20 just like he did. I don’t know. And so I’m not throwing
21 stones at him. But I think what you heard was what he
22 wished he had done.
23 He didn’t help those children and he
24 didn’t do anything to help them. And I dare say he
25 didn’t give any instructions.

1 And you are privy, you see, you have
2 this advantage, he said that he didn’t do any questioning
3 of Darlie after Sergeant Walling got there. Remember
4 that? Remember that?
5 Okay. Walling got there at the end,
6 you can hear where he is coming in on the 911 tape, you
7 have listened to that a bunch of times. Waddell is the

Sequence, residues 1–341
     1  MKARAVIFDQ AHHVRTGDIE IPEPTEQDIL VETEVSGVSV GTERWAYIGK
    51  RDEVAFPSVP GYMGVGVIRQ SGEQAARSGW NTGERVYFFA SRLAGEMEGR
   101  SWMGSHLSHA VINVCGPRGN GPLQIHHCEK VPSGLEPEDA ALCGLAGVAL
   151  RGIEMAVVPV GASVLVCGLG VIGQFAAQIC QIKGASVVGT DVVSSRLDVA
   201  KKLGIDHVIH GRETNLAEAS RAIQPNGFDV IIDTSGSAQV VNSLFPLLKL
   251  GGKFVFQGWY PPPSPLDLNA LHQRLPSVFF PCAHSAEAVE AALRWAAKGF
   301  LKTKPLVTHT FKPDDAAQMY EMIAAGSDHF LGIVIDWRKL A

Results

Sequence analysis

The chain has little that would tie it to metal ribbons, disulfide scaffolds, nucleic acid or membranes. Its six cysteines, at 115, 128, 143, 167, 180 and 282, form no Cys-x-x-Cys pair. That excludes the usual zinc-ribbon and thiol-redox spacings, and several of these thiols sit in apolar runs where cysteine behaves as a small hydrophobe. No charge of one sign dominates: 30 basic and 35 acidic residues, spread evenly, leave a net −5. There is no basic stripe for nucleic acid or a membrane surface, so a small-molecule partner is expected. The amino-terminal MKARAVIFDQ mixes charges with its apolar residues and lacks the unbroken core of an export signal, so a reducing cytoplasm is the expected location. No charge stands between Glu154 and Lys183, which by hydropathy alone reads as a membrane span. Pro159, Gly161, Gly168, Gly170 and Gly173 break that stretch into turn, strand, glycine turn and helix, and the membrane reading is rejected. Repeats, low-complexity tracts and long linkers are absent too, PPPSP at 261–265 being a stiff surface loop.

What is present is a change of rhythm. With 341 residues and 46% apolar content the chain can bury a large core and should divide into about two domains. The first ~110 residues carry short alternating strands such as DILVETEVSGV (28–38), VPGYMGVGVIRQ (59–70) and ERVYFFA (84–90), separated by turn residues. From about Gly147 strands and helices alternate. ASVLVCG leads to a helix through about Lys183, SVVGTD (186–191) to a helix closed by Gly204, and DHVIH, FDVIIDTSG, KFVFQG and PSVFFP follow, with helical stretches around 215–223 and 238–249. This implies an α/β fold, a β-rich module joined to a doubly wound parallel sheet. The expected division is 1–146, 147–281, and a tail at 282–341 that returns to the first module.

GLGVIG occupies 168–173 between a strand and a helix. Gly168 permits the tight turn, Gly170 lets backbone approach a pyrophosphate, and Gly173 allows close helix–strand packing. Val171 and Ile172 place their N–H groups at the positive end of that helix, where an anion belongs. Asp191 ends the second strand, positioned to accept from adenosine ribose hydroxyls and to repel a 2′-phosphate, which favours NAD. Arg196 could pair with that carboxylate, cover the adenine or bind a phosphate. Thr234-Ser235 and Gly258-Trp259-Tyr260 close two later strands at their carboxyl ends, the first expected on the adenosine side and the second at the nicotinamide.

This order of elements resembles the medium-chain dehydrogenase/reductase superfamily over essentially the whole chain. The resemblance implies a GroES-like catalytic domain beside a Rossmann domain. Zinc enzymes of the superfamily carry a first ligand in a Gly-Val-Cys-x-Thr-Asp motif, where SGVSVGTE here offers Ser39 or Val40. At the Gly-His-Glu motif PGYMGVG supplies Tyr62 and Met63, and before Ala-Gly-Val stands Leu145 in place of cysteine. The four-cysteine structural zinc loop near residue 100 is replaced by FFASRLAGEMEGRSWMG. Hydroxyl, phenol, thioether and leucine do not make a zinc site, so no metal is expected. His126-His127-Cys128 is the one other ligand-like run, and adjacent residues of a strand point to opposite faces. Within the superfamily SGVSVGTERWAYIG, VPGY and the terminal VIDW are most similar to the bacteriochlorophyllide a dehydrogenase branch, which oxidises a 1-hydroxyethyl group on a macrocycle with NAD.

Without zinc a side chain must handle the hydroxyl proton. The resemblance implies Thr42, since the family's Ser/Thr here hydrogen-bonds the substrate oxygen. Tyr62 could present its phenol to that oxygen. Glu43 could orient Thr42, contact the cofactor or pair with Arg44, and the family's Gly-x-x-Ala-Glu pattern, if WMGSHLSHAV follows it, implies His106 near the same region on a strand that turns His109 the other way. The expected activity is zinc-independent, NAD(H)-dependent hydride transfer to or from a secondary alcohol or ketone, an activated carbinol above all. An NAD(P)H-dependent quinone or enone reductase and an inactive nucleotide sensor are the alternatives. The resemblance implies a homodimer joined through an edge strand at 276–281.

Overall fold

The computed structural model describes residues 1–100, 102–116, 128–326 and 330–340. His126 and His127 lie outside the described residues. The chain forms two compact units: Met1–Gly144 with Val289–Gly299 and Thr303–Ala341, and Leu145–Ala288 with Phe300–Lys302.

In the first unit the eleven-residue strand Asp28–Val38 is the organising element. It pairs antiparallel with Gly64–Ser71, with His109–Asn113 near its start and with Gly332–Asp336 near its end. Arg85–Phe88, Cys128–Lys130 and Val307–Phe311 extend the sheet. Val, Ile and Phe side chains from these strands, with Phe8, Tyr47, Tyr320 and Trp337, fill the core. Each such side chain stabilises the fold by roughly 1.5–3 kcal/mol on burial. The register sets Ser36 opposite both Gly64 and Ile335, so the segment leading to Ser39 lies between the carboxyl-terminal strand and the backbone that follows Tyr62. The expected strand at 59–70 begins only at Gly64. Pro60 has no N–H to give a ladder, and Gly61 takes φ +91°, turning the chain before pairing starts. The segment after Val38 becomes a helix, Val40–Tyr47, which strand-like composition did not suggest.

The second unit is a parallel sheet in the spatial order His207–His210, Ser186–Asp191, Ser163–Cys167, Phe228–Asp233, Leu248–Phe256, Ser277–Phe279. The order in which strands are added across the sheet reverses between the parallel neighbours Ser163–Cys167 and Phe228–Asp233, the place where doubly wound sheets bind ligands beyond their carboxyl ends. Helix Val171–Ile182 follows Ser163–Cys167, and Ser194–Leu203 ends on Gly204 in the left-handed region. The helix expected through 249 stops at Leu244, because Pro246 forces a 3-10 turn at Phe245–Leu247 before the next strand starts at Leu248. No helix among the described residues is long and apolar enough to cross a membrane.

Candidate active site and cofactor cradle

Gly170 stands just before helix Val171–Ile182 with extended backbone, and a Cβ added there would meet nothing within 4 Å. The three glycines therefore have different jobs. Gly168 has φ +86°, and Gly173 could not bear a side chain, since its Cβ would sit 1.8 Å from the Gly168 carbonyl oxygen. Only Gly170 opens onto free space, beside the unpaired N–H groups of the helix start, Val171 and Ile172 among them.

8 one who was questioning her on the 911 tape.
9 She is answering Waddell, she is
10 talking to him about fingerprints, she is talking — and
11 when she first said something about fingerprints, she
12 said something about, “He dropped a knife,” and the woman
13 says, “Don’t touch anything.”
14 They are trained to tell them that,
15 because people instinctively do. Just like police
16 officers. They handle — everybody wants to touch the
17 gun, everybody wants to see the knife.
18 And they are instructed, “Don’t touch
19 anything.”
20 She said, “I’ve already touched the
21 knife.”
22 But when they talk about fingerprints,
23 she is talking to Waddell, but she is carrying on three
24 conversations, one with Waddell, one with the 911
25 operator and one with her husband. You can appreciate

1 that. But they didn’t know that at that time.
2 The 911 operator thought she was
3 talking to her. You know and Waddell I assume thought,